It has come to a point where the on-going issues in Sabah are turning out to be a major crisis. Shafie Apdal is not managing the issues well and Sabahans may now realise that they may have not made the right decision at GE14.
It has been 16 months since the chief minister, Shafie Apdal took office and he has literally nothing to show for in terms of achievements. What is evident today are the numerous complaints, issues, lack of sustainable and structured development for the state and the absence of people-centric socio-economic reforms. Arising from this, the state has taken a backward step and is today faced with challenges. Sabah is regressing and is being left behind by other states, including Sarawak – all due to incompetent leadership.
Look at some glaring issues:
- Requesting Proton to establish an assembly plant in Sabah so that cars can be exported to China, Korea and Hong Kong! What is the rationale? Protons cars are already in these countries!
- Reviving the ecologically-damaging, Tanjung Aru Eco-Development project
- Promoting China investments that can lead to damage and exploitation of economic, social and environment resources.
- The approval and abuse of the RM98 million unsecured loan from Sabah Development Bank to bail-out a timber company when the funds could be better utilized for socio-economic projects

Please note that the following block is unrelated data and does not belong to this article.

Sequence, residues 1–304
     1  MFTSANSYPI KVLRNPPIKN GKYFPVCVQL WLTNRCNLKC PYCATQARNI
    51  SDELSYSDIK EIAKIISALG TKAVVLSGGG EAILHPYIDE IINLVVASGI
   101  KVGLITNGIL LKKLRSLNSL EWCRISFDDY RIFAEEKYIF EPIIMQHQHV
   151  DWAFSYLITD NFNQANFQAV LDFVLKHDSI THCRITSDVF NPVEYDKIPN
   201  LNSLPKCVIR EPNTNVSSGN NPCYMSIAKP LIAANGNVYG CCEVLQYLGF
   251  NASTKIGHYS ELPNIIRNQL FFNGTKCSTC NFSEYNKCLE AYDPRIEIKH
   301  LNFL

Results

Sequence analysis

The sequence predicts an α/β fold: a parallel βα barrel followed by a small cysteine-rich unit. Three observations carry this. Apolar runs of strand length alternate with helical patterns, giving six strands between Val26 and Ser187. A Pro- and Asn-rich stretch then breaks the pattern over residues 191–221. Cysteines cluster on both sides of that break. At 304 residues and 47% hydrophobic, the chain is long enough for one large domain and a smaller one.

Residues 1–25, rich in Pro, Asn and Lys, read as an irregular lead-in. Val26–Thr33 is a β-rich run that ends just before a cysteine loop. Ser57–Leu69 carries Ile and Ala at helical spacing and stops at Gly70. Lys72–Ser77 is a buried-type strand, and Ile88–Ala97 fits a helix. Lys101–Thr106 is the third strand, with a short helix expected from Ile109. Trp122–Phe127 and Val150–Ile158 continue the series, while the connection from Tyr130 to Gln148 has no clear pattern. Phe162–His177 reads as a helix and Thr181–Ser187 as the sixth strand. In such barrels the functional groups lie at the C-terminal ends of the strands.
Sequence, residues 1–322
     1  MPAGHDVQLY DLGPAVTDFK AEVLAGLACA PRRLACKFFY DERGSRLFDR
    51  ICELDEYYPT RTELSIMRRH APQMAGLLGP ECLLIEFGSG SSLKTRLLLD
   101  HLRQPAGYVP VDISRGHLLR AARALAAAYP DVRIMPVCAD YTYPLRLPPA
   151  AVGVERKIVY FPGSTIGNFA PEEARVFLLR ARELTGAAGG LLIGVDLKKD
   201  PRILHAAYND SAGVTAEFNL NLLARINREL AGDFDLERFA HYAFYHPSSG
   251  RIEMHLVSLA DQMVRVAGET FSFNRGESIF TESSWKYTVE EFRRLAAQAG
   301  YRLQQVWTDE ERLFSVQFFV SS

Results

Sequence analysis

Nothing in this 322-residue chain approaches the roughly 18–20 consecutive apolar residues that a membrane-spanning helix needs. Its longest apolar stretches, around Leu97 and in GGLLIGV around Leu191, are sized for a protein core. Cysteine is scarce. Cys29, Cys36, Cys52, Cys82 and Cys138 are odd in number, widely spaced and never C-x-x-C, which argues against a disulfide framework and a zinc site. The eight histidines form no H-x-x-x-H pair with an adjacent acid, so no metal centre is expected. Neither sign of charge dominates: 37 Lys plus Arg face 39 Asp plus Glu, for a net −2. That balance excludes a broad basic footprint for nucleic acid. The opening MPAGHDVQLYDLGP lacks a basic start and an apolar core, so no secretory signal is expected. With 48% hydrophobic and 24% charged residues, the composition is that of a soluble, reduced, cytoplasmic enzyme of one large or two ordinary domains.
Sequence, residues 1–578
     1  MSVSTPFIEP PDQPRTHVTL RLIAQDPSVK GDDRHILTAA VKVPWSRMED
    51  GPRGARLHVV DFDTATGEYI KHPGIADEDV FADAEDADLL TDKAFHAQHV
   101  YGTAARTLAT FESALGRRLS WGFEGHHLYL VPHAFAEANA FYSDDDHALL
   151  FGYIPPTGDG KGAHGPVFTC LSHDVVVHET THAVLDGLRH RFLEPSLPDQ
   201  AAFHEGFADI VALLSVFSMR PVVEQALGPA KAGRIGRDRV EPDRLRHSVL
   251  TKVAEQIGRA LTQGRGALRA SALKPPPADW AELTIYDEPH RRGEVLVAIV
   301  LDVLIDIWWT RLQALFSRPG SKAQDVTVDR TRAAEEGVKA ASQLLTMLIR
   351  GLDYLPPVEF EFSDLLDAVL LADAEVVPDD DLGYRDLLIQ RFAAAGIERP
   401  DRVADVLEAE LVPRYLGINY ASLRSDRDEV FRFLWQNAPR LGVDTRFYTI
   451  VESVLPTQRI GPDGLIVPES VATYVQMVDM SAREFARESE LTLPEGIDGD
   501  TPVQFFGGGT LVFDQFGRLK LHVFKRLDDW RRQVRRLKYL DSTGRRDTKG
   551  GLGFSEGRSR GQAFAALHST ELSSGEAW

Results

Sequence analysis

- The planned issuance of 600,000 temporary passes does not SOLVE the Immigrant issue in Sabah. Shafie should be more proactive in developing Repatriation Programmes for all immigrants, not issue new passes! There are already 1.1 million immigrants in Sabah compared to the 3.9 million population. That is 28% of the population. It won’t be long before Sabah is described as the ‘Immigrant State’!
On this point, if the chief minister is not preventing the influx of immigrants into the state, why should the Federal government be burdened with its commitment to Sabah? Perhaps, it’s time for the Federal government to negotiate and reduce the 40% revenue (return of net revenue), oil royalty and stamp duties, payable to the state – unless Shafie can prove that he is committed to repatriating immigrants for the benefit of Sabahans.
These propositions and decisions by the chief minister or state government were frivolously made and lacked proper due diligence. No assessments or long-terms studies were conducted to determine the impact of sustainable development on the economic growth sectors. The (state proposals) were merely ‘forward-looking’ statements to appease the people of Sabah.
All decisions relating to the environment, social and economic pillars of development in the state must be thoroughly thought-out, planned and implemented prudently to ensure that the long-term fundamental objectives are achieved and benefit the people of Sabah as well as the environment.
In a nutshell, Shafie and his cabinet ministers lacked business acumen. And because of their inexperience in managing state affairs, many controversial decisions were made resulting in unnecessary problems. ‘Bread and butter’ issues should have been easily resolved but not done so! The people of Sabah are tired and fed-up.
At this rate, can the state of Sabah sustain itself economically moving forward? Perhaps, the state and the people could have benefitted more with the previous leadership!